Back in 1969-70 only four management consulting firms thought to recruit through our office. On the other hand we greeted 68 firms in the category "oil, chemicals, materials, food", - three times the number we hosted this year. Interestingly, there were only 95 graduates in chemical engineering that year (at all degree levels) for them to talk to. Clearly MIT students had not heeded the legendary career advice given to Dustin Hoffman three years before in The Graduate, "I want to say one word to you - just one word - plastics".

The industrial world then was dominated by big companies. So was campus recruiting. John Kenneth Galbraith offered the opinion in 1967 in his best-seller The New Industrial State that only large companies could raise the capital modern technology needed or assemble a large enough technical staff. To believe anything else was "drivel". He went on: "The small firm cannot be restored by breaking the power of the large ones. It would require, rather, the rejection of technology". One of the most auspicious developments in the past quarter-century has been the success of small companies, often led by MIT graduates, in proving him wrong.

This year 1,687 students had employment interviews in our facilities, among them 900 undergraduates (including students not yet graduating interviewing for summer jobs), 514 master's degree candidates, 255 doctoral candidates, and 18 postdocs. There seemed to be more opportunities for PhDs in industry this year than in the past but times are still hard for them. More than 300 PhD students went to hear McKinsey talk about its interest in hiring PhDs as management consultants; 200 went to a similar presentation by Boston Consulting Group. As in past years a steady stream of PhD students came to the office to discuss their career options, including the opportunities for them in consulting and finance. They are among our most attentive and appreciative clients.

The strong market had a positive effect on salary offers. For example, the median offer to bachelors in computer science (Course 6-3 to be precise) rose 7.5 percent, to $43,000. The median offer to masters was up 4.0 percent, to $52,000. In electrical engineering the median offer to bachelors rose 7.7 percent to $42,000, the median offer to masters 4.2 percent to $50,000. In mechanical engineering offers to bachelors were up 4.3 percent to $41,700, but to masters up only 2.3 percent to $48,060. A typical base salary offer to a bachelor joining an investment bank or a management consulting firm was $40,000, up 8.1 percent from last year. Salary offers to PhDs in engineering were widely spread, ranging from the mid-fifties to the mid-eighties, but with $70,000 roughly the median.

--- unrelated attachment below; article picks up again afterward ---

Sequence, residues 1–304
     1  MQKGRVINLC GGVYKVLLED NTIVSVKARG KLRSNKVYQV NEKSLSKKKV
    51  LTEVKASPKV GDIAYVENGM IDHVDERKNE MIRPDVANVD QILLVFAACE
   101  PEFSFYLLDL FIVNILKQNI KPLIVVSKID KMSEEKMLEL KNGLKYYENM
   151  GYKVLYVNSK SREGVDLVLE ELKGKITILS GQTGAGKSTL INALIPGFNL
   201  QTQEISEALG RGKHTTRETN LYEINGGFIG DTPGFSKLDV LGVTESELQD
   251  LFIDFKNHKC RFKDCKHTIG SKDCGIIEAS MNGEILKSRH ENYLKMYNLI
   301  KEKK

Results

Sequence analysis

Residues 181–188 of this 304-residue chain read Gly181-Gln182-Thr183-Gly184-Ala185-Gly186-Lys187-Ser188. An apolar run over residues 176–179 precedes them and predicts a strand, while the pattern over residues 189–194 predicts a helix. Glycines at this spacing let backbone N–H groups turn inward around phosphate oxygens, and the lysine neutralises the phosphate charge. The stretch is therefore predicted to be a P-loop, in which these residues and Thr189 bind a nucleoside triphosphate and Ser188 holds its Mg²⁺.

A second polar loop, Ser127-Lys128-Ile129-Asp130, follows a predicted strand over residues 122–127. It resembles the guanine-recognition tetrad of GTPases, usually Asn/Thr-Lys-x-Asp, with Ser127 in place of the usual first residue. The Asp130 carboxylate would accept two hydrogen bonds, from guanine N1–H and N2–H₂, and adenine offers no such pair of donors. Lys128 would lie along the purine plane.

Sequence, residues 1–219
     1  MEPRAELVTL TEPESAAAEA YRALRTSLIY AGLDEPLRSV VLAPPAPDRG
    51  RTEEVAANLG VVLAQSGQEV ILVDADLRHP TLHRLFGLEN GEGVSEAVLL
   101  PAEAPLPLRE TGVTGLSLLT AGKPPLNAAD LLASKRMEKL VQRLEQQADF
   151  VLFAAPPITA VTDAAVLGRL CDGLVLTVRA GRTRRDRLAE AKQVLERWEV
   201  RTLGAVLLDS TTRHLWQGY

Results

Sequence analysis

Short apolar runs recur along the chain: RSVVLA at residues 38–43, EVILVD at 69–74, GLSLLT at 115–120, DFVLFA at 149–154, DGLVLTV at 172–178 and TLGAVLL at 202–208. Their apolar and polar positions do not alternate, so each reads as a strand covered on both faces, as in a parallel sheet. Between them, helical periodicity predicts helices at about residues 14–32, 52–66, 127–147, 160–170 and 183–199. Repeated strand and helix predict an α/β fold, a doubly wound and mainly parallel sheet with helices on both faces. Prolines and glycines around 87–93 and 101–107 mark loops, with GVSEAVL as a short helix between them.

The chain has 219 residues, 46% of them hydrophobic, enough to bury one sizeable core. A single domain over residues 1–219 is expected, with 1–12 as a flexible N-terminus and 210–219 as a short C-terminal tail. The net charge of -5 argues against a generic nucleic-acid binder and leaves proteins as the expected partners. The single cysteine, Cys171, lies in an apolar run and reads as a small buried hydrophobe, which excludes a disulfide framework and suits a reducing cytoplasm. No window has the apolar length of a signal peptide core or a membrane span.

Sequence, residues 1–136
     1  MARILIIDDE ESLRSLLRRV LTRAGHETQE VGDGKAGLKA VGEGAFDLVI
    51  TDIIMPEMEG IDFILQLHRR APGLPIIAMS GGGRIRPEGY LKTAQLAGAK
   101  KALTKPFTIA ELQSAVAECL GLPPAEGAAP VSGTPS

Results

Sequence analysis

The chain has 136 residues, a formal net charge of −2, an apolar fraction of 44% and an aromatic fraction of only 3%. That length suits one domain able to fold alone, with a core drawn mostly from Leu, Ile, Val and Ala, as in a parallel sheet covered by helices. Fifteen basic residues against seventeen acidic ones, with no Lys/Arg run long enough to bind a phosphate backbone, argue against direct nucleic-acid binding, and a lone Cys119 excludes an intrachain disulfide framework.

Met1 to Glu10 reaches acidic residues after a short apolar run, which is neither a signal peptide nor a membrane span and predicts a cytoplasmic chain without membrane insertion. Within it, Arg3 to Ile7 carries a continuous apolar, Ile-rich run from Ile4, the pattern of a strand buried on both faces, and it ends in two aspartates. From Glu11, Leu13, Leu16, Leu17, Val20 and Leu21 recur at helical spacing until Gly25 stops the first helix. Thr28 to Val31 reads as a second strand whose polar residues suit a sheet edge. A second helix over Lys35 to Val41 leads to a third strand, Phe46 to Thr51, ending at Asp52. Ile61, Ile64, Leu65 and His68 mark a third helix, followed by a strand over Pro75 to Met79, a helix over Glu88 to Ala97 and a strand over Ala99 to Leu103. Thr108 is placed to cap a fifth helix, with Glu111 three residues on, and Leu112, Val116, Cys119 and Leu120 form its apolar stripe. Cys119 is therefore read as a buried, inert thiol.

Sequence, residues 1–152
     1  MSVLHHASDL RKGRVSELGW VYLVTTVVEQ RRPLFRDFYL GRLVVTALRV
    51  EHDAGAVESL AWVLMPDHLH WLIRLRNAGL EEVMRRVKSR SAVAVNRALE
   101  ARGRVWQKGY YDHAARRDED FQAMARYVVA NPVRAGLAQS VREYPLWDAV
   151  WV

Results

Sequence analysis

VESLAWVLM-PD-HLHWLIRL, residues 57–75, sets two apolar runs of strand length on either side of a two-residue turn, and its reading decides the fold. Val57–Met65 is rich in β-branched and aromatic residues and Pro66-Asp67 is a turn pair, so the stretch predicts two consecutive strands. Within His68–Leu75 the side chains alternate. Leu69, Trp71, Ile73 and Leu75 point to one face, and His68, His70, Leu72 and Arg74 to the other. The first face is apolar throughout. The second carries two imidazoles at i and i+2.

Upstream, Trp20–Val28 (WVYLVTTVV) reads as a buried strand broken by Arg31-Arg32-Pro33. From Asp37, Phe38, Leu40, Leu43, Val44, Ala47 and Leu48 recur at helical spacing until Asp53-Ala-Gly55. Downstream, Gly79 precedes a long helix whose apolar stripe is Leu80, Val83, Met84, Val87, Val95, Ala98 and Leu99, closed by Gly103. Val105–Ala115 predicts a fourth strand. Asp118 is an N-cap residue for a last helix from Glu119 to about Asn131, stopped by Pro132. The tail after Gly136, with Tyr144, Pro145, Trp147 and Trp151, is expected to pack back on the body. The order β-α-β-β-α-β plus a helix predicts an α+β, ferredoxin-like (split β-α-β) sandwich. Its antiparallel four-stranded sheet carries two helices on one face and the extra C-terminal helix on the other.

The office was as busy assisting medical school candidates as it was welcoming recruiters. We do not have final figures on how many MIT candidates completed the application process, still less how many were accepted, but 254 enlisted the help of the office in filing their applications. There is no question that the Institute has never fielded more candidates. The number is up from a total of 201 MIT candidates in 1995 and 187 in 1994. The 254 this year included153 undergraduates, 29 graduate students, and 72 alumni. There has been a corresponding surge in the number of applicants across the nation, with the total number rising from 26,915 as recently as 1989 to 49,591 in 1995. Meanwhile the number of first-year places in medical schools has barely changed. As a consequence, the national acceptance rate dropped from 59 percent in 1989 to 35 percent last year. We are proud that 59 percent of MIT's candidates last year were accepted (62 of the 103 undergraduates, 4 of the 6 graduate students, and 52 of the 92 alumni). The odds on getting in will have been longer again this year, but we have no doubt that our candidates will continue to have done well.

The director looks back on the past quarter-century with pleasure. It is hard to think of another job which would give the same opportunity to watch the changing interplay of technology and business, from Silicon Valley to Wall Street, and to meet so many of the actors, from students (as bright as any in the world) itching to get a piece of the action to leading players who have already made a difference. It has been a stimulating and rewarding experience, made all the more so by a wonderful team of colleagues. Elizabeth Reed, a long-standing member of the team, has been appointed Interim Director to serve during the reengineering of student services.

Robert K. Weatherall

MIT Reports to the President 1995-96